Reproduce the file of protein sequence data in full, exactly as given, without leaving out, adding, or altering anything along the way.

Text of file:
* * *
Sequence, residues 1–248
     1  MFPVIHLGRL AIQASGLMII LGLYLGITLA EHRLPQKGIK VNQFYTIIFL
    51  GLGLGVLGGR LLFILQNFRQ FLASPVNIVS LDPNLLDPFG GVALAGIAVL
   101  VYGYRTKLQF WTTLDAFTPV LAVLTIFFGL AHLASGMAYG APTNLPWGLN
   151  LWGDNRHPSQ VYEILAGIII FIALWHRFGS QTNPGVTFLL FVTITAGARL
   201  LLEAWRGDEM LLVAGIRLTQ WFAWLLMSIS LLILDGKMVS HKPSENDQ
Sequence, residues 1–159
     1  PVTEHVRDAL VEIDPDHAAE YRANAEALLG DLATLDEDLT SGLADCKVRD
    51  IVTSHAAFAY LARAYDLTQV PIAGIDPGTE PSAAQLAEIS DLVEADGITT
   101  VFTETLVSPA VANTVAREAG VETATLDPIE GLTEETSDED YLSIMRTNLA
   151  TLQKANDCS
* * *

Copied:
Sequence, residues 1–248
     1  MFPVIHLGRL AIQASGLMII LGLYLGITLA EHRLPQKGIK VNQFYTIIFL
    51  GLGLGVLGGR LLFILQNFRQ FLASPVNIVS LDPNLLDPFG GVALAGIAVL
   101  VYGYRTKLQF WTTLDAFTPV LAVLTIFFGL AHLASGMAYG APTNLPWGLN
   151  LWGDNRHPSQ VYEILAGIII FIALWHRFGS QTNPGVTFLL FVTITAGARL
   201  LLEAWRGDEM LLVAGIRLTQ WFAWLLMSIS LLILDGKMVS HKPSENDQ
Sequence, residues 1–159
     1  PVTEHVRDAL VEIDPDHAAE YRANAEALLG DLATLDEDLT SGLADCKVRD
    51  IVTSHAAFAY LARAYDLTQV PIAGIDPGTE PSAAQLAEIS DLVEADGITT
   101  VFTETLVSPA VANTVAREAG VETATLDPIE GLTEETSDED YLSIMRTNLA
   151  TLQKANDCS